By Andy Mitchell
Once again I’m outside on Nicole’s front porch (that is, the Soap Co. Coffee shop’s), savoring a rare mild day and a cup of the house brew, thinking, ‘This is the life.’ (The writer’s life to be more specific.) Cafe society right here in River City. Al fresco culture at its finest. Gazing across the square, the Farmers’ building rises through banks of clouds into a perfect Indian summer blue. Behind which the clock face on a pitched roof of the courthouse is only slightly behind the time registered on my iPhone. It seems to be saying; ‘I think I’ll take it easy on such a nice day.’ And why not? I’m taking it easy writing this piece. Taking my time. Time to talk to my mate, Chris, the barber, whose shop, Hair on the Square, is just to the right in my line of vision; time to open the door for Mary, who always has a kind word for me as she wields her cart of vintage finds. Time to chat with impresario extraordinaire, Rich, who pulls up a chair for a bit. Time to help Alexia carry in cartons of milk for all those luscious lattes. Sure, she could shoulder the load herself; nevertheless, she appears reassured that chivalry is alive and well in the form of the skinny dude next door.
On such a fine day as this, my impulse is to slow down. So often it seems we’re all in a hurry these days … to make the next appointment … to finish all of our tasks … to keep up with the Joneses and their nine-car garage. But for what? What are we after? What is it we’re seeking in our mania for more? Isn’t enough enough? No, I don’t think that two-syllable, six-letter word has yet to make its way into our everyday lexicon.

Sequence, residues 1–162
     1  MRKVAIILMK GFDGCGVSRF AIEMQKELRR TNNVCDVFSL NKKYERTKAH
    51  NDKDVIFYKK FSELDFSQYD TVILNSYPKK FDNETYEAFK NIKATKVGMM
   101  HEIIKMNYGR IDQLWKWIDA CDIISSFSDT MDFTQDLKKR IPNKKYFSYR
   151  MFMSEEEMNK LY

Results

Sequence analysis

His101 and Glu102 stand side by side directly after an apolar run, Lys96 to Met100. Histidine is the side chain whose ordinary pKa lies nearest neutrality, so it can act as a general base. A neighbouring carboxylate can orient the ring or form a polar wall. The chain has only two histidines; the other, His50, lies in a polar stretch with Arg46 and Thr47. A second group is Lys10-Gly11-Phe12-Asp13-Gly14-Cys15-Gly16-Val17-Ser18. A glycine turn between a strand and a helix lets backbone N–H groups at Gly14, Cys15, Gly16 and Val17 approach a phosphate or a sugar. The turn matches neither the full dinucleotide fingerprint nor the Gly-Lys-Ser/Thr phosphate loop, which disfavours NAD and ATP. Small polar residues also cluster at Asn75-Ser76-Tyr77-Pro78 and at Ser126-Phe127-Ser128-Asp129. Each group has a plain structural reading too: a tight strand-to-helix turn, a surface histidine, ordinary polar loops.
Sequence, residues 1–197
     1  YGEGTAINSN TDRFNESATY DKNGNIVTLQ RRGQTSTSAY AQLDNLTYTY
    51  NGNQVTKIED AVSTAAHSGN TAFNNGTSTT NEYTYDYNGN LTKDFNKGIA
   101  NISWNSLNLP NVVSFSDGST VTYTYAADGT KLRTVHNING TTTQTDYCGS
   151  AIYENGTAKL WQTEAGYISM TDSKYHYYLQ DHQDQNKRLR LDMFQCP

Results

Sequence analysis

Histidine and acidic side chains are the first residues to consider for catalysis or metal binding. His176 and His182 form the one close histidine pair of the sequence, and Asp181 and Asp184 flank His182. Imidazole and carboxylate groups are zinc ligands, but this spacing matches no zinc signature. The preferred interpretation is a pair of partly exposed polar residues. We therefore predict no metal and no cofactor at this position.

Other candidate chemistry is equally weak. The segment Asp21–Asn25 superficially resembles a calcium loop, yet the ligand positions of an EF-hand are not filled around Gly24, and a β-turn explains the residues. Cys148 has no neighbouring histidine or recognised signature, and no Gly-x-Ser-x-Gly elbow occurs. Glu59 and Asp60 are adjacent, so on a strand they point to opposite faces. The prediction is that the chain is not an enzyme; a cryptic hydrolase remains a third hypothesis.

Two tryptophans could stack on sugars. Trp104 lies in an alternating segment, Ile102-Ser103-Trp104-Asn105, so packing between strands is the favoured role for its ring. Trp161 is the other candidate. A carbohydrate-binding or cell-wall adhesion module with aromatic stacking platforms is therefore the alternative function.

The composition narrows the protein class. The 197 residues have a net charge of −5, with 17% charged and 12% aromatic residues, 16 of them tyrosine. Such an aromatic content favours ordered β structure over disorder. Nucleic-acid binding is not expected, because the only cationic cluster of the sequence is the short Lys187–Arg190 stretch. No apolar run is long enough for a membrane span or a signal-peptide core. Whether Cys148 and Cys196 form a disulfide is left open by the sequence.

I understand. I get it. I know what it’s like to want that which is out of reach. After all, it’s a natural desire, right? It’s what drives us beyond the point of settling, the point at which we accept less of ourselves than we’re cable of achieving. But for what? For what purpose is all this alleged “achievement” and striving? Sure, I could be sitting in some cafe in Paris, drinking a thimble of concentrated caffeine, watching all the stylish aesthetes waxing nihilistic around me. But for all the vaunted aspects of the City of Light, I know no one there. Same goes for London, or any of the other places in which I’ve dreamed of living. While I do know a few people in New York, I’ve spent enough time there to realize that, yes, it’s exciting, but it’s not the place for me.
Who knows what the future will hold, but for quite some time now, Jenn and I have settled here in my hometown. And, looking out onto the vibrant scene downtown, I don’t believe we’ve “settled” in any disparaging sense. When my friend, Jess, sees me nestled next to Nicole’s pot of herbs, typing away, and says, “Andy, you’re living the dream,” who am I to argue?